A U.S. Marine Corps Reserve member sold and provided fake COVID-19 vaccine cards to fellow service members ‘to help them evade’ the Armed Forces’ vaccination mandate, federal officials said .
He is accused of working with a nurse to sell and distribute a total of at least 300 fake COVID-19 vaccine cards and making more than 70 false entries in vaccination databases, according to the US attorney’s office. of the Eastern District of New York. They were paid thousands of dollars for the sales, according to an indictment.
Marine Corps reservist Jia Liu and medic Steven Rodriguez have been charged in the alleged vaccination card fraud scheme, the bureau said in a Feb. 17 news release. The couple are charged with conspiracy to defraud the Department of Health and Human Services and conspiracy to commit forgery.
Liu is also charged with conspiracy to defraud the Department of Defense for giving the fake cards to other Marine Corps reservists, prosecutors said. Vaccination was mandatory for all service members from August 2021.
“As alleged … the defendants put the military and other communities at risk of contracting a virus that has already claimed nearly one million lives in this country,” said U.S. Attorney Breon Peace, for the Eastern District of New York, in a statement.
Liu “facilitated the introduction of unvaccinated people into a military framework that had been constructed to exclude unvaccinated people for troop safety,” the indictment states.
Prior to this case, Liu was charged separately in the Jan. 6 Capitol riot, according to the Justice Department. Those charges against Liu included, among other things, disorderly conduct in a capitol building.
Liu’s attorney declined a request for comment from McClatchy News, which also contacted Rodriguez’s attorney and was awaiting comment.
The “scheme allegedly perpetrated by Liu and Rodriguez resulted in the circulation of more than 300 stolen or fake vaccination cards throughout the community, and the destruction of several doses of a vaccine intended to protect people against the most serious effects of the disease. virus,” Michael J. Driscoll, FBI deputy director in charge of New York, said in a statement.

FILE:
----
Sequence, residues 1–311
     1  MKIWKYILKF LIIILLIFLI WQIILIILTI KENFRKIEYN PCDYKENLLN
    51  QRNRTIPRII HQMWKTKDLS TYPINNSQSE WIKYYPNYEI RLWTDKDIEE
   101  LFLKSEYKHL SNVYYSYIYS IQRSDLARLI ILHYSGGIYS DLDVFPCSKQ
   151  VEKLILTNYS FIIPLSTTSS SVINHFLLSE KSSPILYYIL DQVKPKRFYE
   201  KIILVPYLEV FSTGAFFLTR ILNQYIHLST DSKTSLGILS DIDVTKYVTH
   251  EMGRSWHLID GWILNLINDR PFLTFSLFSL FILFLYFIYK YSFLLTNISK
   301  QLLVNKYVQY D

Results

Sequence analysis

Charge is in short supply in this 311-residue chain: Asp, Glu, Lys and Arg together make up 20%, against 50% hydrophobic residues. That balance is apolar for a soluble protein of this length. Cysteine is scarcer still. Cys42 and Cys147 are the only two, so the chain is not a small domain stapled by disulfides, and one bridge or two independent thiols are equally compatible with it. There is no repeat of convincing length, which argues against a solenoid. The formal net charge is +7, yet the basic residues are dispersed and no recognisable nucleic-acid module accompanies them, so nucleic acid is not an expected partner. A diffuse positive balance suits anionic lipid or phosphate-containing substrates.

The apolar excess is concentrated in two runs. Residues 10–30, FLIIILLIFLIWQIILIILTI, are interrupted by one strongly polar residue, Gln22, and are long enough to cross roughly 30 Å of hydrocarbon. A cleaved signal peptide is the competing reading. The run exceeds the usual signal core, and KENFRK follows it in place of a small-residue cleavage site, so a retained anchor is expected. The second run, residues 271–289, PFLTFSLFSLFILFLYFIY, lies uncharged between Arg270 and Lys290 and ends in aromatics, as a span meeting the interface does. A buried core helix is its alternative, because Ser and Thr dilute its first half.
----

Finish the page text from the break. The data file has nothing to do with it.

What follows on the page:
Rodriguez is separately charged with destroying doses of vaccine “intended to be used to vaccinate a patient” for those who bought the fake cards from him and Liu to make it look like they were administered, according to prosecutors.
The alleged plot, promoted via social media and messaging apps, began around March 2021 through February 2022, the statement said.
“Genuine” vaccine cards were stolen by Rodriguez, who “abused his position as a medical professional during a global pandemic”, then forged by Liu who bought them from the nurse, according to court documents.
They are accused of offering their customers blank or completed vaccine cards that “falsely listed” a buyer’s information, according to the indictment.
“They referred to COVID-19 vaccination cards using codenames, such as ‘gift cards,’ ‘Cardi Bs,’ ‘Christmas cards,’ and ‘Pokémon cards,'” during their promotion, says the press release.
“If found guilty, the defendants face up to 10 years in prison,” he added.
Liu and Rodriguez appeared in court on Feb. 17, according to the prosecutor’s office.
Liu was released on $250,000 bond and placed in house arrest under GPS monitoring, spokesman John Marzulli told McClatchy News.
Rodriguez was released on $100,000 bail, Marzulli added.